- Code ENGN4625
- Unit Value 6 units
Power systems and power electronics devices are fundamental to the transmission, transformation and use of electrical energy that underpins much of modern society. This course provides a detailed introduction to the theoretical principles and operating characteristics of power systems, electric machines, and electrical energy conversion. By combining several topics that are often covered by separate electrical engineering courses, students will gain an integrated understanding and advanced technical knowledge of the power systems and power electronics fields. Theoretical material will be supplemented with software and hardware labs to provide students with the practical skills and knowledge to model, analyse and design various power systems and power electronic components.
Upon successful completion, students will have the knowledge and skills to:
- Use electrical physics concepts to understand and explain the properties and operation of power systems and power electronics components, and apply circuit analysis techniques to interpret, analyse and evaluate three-phase circuits, power systems and associated components.
- Formulate and model power load flow problems, determine effective solutions to the formulated problems, and critically assess the performance of the determined solutions.
- Apply the theory and operating principles of electric machines to explain and evaluate their properties and characteristics when integrated into power systems.
- Apply advanced knowledge and analysis techniques to design and critically assess key aspects of power conversion.
- Research, design, and simulate a complete power system and/or power electronics application based on a complex set of user requirements.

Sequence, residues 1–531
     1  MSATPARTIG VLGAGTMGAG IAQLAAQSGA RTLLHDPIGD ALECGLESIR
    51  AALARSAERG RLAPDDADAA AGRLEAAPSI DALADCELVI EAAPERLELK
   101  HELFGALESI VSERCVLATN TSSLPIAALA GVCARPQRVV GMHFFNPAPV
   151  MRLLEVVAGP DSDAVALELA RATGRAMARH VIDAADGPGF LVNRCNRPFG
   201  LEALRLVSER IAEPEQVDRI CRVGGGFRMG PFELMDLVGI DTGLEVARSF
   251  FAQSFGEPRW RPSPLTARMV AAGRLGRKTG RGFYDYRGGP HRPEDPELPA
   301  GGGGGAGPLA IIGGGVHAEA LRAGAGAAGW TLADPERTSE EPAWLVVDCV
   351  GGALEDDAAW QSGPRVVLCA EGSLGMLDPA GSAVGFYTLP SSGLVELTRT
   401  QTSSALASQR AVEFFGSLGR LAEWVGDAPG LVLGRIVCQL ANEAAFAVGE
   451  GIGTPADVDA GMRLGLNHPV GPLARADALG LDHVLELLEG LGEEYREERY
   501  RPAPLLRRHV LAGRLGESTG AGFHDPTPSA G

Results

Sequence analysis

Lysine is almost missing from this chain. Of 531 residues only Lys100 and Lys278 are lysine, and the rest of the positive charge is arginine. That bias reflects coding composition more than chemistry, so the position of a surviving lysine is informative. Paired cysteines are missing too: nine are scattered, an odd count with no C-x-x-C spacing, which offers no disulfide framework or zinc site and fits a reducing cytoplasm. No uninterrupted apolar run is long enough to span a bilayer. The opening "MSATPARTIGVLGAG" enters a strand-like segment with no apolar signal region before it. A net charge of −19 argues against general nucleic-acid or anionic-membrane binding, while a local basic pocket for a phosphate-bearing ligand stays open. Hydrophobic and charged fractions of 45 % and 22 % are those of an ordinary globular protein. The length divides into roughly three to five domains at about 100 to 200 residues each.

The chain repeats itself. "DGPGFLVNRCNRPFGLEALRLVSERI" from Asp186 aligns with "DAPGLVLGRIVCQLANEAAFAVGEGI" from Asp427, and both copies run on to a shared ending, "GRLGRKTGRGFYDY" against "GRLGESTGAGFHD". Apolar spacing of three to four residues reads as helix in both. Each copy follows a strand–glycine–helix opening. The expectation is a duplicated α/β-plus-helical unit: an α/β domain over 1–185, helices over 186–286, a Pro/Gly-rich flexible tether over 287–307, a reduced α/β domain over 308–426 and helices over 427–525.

- Appreciate the importance of stability, reliability and safety of power systems from the perspective of consumers and other stakeholders and identify and discuss the recent developments and emerging challenges facing modern power systems and power electronics devices.
Professional Skills Mapping:
- Quizzes (10) [LO 1,2,3,4,5,6]
- Labs (30) [LO 1,2,3,4,5]
- Major Project (20) [LO 1,4,5,6]
- Final Exam (40) [LO 1,2,3,4,6]
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Approximately 10 hours per week. The contact hours include: eight two-hour tutorials (16 hours), two two-hour computer labs (4 hours), five three-hour hardware labs (15 hours).
Requisite and Incompatibility
N. Mohan, T. M. Undeland and W. P. Robbins, Power Electronics, Third Edition, Wiley, 2003.
Tuition fees are for the academic year indicated at the top of the page.
Commonwealth Support (CSP) Students
If you have been offered a Commonwealth supported place, your fees are set by the Australian Government for each course. At ANU 1 EFTSL is 48 units (normally 8 x 6-unit courses). More information about your student contribution amount for each course at Fees.
- Student Contribution Band:
- Unit value:
- 6 units
If you are a domestic graduate coursework student with a Domestic Tuition Fee (DTF) place or international student you will be required to pay course tuition fees (see below). Course tuition fees are indexed annually. Further information for domestic and international students about tuition and other fees can be found at Fees.
Where there is a unit range displayed for this course, not all unit options below may be available.
Offerings, Dates and Class Summary Links
Class summaries, if available, can be accessed by clicking on the View link for the relevant class number.
|Class number||Class start date||Last day to enrol||Census date||Class end date||Mode Of Delivery||Class Summary|
|7343||25 Jul 2022||01 Aug 2022||31 Aug 2022||28 Oct 2022||In Person||N/A|